10 Parts of a Hammer: Diagrammed to Understand

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parts of a hammer

When it comes to hand tools for fixing things, there is one item that comes to mind: a hammer. It's a versatile and seemingly simple tool that can be used for shaping metal, driving nails on wooden boards, and whatnot. But there are many parts of a hammer that come together to form this tool.

You've probably seen the use of a hammer in movies and wondered what type of hammers they are using. Well, there are many types of hammers, and every one of them is crafted with several components. If you know the parts of a hammer and what they are meant to do, then it's going to be easier for you to pick the right one.

For as strong as it is, a hammer can deteriorate, and if you are familiar with the different sections in the anatomy of a hammer, you can have it fixed in no time. This article is dedicated to highlighting every part of a hammer tool. Without delay, let's get into it.

Diagram of a Hammer Anatomy

As a faster visual aid, we've produced the diagram below to help you associate the hammer part names with the actual hammer parts.

hammer anatomy diagram

The hammer parts diagram above shows you the entire anatomy of a hammer in one look. It's not an extremely complex contraption but knowing the names of the parts and being able to identify them will help you when communicating with other tool users.

Parts of a Hammer Explained

You probably notice a hammer by its head and handle design. These two are the basic structure of a hammer body, but there is more to it that adds to its functionality. Let's check out.

Handle

of all the hammer parts, the handle is the one you'll come in most contact with and is what makes it feel balanced

Without a handle, a hammer won't exist. It is a crucial part of the frame and will support the head and all other components. Not to mention this is where you grip your palm to get hold of it.

When buying a hammer, people first look at the handle and experiment with how it feels. Some handles are plain wood, and some will have paddings such as grip for better handling. The weight, diameter, and length of a hammer handle will vary.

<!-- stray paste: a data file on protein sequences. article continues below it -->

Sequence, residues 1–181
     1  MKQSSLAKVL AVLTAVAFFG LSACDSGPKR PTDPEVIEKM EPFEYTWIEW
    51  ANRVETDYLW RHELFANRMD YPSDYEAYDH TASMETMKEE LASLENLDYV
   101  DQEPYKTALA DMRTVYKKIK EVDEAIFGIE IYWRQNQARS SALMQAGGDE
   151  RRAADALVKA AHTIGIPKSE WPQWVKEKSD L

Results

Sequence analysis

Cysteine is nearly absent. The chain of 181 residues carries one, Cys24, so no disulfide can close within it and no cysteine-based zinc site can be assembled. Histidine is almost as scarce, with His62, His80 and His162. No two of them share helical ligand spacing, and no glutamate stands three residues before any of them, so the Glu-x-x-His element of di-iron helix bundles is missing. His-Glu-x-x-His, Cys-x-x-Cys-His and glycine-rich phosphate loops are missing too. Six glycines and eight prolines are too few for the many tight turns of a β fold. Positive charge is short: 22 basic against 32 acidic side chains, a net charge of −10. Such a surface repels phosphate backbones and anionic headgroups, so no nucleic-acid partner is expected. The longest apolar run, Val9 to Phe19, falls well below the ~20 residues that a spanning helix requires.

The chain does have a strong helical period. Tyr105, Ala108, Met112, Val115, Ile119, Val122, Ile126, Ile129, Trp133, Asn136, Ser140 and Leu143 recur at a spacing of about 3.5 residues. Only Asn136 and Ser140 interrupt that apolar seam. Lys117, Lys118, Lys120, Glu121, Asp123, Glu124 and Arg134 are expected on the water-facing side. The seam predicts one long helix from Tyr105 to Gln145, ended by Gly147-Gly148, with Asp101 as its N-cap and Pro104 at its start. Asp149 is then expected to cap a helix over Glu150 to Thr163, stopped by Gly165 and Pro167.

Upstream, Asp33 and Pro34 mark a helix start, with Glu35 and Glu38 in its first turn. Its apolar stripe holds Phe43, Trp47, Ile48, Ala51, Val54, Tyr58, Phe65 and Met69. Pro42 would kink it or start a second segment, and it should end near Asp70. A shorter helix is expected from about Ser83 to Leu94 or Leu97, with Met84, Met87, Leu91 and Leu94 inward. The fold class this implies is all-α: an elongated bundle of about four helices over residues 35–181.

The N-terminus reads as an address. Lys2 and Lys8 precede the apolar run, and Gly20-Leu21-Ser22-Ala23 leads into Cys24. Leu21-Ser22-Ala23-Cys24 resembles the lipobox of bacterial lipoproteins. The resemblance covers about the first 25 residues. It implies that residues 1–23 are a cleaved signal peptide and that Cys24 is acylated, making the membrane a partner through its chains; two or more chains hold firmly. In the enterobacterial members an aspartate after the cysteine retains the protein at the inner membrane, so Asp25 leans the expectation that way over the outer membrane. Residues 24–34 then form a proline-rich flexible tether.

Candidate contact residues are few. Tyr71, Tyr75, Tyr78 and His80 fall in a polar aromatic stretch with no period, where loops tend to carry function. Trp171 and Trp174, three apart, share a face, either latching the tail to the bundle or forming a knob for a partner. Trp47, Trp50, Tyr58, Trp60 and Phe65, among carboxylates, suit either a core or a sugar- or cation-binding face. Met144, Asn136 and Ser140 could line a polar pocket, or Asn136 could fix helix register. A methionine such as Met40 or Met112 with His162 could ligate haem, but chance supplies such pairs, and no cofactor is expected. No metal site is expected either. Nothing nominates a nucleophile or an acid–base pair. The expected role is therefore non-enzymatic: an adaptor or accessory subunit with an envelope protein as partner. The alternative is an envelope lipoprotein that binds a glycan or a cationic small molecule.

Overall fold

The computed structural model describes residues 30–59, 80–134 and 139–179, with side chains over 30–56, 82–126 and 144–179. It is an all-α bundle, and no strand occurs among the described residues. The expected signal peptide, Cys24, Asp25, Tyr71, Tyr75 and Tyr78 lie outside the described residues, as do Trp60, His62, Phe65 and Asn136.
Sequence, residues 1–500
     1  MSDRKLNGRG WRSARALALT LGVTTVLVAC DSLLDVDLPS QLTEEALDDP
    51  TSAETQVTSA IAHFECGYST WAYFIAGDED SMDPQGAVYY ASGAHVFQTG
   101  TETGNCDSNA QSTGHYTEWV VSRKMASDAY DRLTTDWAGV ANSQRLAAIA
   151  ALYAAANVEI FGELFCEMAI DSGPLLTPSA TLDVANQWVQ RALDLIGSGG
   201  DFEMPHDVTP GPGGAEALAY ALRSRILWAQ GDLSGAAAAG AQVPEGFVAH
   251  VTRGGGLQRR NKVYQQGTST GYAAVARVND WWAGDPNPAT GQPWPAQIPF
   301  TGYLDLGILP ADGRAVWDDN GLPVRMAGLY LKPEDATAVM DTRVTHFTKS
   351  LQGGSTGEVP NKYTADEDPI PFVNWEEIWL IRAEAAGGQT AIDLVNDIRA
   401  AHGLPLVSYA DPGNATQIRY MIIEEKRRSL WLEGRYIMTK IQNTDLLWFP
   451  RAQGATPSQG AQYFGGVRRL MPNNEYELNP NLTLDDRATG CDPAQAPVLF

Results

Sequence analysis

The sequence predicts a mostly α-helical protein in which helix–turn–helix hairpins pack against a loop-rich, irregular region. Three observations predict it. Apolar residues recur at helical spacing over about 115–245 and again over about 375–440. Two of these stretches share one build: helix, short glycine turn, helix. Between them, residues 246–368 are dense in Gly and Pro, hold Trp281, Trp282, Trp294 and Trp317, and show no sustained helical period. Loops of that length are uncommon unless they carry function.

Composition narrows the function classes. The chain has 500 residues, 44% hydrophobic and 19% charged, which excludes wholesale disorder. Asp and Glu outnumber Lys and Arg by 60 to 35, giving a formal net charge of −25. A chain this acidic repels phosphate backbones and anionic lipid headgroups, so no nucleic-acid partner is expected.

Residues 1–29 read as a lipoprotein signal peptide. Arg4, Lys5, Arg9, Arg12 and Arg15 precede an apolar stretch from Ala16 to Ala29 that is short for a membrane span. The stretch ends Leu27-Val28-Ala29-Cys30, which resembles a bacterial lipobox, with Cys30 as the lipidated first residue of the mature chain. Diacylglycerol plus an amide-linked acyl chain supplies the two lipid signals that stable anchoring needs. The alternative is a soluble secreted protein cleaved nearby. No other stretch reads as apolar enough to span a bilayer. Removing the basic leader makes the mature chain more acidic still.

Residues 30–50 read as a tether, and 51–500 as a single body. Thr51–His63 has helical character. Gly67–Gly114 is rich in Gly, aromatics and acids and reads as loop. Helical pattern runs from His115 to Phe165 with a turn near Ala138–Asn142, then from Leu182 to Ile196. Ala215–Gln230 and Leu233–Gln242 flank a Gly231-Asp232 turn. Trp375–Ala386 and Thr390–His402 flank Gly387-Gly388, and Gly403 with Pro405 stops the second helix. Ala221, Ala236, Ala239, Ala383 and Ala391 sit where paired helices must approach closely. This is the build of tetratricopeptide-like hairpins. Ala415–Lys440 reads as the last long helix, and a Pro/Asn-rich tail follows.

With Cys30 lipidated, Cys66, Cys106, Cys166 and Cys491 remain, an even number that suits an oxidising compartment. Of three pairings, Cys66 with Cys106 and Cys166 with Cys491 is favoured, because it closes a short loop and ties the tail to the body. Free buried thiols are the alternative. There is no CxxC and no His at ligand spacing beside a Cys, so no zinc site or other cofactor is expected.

You would want to get something that fits well in your hands, rather than something too heavy or long. You'll also want to consider the jobs you're doing and how much shock absorption you may need. The grip can only absorb so much shock for you.

A wood handle is cheapest but won't last forever. A steel handle is the most durable but offers no shock absorption. A fiberglass handle is durable enough and offers the best shock absorption.

Grip

hammer grip part

Anything that wraps around the handle is the grip material. Not all hammers come with grip fitting, but the advanced ones do. Grips are made with protective rubber padding that allows you to hold the handle comfortably.

Not to mention it improves the handling ability. Gripping the surface on a hammer will make sure the weight doesn't slip off your hand that easily. Like we said, not every hammer has a grip.

If your hammer doesn't have one, but you still want a better gripping tool, you can customize rubber materials for the handles. A decent grip will help absorb some of the shock from pounding away with the hammer, but that is not its main purpose.

Head

within the anatomy of a hammer, the head is the part that contains all the features you'll use to drive or remove nails